This is not yet the darkest hour experienced by our nation by far. We still live in the greatest nation in the world. A nation built upon the principles of Liberty. The principles that cry, all men are created equal and endowed by their creator with certain inalienable rights. A nation where all men have equal opportunity to life, liberty, and the pursuit of happiness. No other nation can make that claim. No other people have that birthright. But with that gift comes great responsibility to secure that Liberty for generations to come. We cannot lose hope. We cannot let Liberty slip. Because, it is not our hope, it is not our Liberty, it is the hope and Liberty of ages and millions yet unborn. We must reacquaint ourselves with the lamp of experience that gives us the courage to see a guaranteed victory. But we must also reacquaint ourselves with the Giver of that gift of Liberty and the Provider of the hope of victory.

In one of the darkest moments of our history, a story is told of Henry Wadsworth Longfellow. Henry’s wife had been tragically and fatally burned in June of 1861. Henry, himself, was badly burned trying to put out the fire that consumed his beloved wife. He was so consumed by grief over the loss of his wife, at Christmas he wrote in his journal, “How inexpressibly sad are all holidays.” One year later, Henry wrote, “A merry Christmas’ say the children, but that is no more for me.” That following year, Henry learns that his oldest son was severely wounded in the Civil War after a bullet passed under his shoulder blades damaging his spine. His journal was blank on the Christmas of 1864. However, on Christmas day, 1865, Henry penned the words to “I Heard the Bells on Christmas Day.” During one of the darkest times our nation has ever known, Henry Wadsworth Longfellow found his hope;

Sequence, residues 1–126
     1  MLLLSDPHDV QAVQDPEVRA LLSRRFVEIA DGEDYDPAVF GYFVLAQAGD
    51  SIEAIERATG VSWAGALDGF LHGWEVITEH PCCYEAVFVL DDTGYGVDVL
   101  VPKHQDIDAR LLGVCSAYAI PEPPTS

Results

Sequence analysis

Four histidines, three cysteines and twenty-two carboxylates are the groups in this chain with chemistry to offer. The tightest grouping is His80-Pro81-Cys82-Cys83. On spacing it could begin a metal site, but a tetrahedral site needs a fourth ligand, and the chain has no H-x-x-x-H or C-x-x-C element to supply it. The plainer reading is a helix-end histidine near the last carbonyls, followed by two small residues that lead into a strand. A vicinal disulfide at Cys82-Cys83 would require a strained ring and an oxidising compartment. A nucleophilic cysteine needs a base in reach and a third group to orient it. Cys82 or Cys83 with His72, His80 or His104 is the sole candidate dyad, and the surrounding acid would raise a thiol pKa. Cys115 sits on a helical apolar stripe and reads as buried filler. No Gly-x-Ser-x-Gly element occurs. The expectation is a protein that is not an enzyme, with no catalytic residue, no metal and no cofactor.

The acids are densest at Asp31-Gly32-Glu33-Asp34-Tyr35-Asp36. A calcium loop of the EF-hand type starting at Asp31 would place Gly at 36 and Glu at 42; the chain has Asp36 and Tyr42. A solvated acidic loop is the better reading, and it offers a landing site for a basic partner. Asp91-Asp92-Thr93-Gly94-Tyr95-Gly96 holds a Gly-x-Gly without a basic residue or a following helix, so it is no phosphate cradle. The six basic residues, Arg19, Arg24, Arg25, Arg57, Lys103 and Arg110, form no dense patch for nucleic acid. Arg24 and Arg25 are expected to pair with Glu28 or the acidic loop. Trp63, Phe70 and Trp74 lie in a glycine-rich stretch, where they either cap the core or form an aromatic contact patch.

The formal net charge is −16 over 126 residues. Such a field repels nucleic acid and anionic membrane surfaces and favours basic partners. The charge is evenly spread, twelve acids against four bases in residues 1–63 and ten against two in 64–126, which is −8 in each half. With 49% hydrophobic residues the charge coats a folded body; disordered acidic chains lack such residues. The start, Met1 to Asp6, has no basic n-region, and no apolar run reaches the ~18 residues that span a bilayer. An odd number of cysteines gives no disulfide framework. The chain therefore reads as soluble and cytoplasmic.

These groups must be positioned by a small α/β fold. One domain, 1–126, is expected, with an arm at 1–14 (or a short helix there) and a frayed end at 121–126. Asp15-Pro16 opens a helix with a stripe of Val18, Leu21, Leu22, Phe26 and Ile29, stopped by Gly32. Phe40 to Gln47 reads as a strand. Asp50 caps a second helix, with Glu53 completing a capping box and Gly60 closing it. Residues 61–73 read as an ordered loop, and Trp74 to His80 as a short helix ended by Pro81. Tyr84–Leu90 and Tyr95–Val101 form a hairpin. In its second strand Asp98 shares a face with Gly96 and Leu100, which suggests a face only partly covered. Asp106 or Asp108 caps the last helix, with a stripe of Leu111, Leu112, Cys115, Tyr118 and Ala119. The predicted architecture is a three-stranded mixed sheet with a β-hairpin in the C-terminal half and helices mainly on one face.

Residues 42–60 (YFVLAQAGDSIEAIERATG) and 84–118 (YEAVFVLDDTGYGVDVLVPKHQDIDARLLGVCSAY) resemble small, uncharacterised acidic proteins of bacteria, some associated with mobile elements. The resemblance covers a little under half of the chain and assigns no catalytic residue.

“I heard the bells on Christmas Day

Their old familiar carols play,

And wild and sweet

The words repeat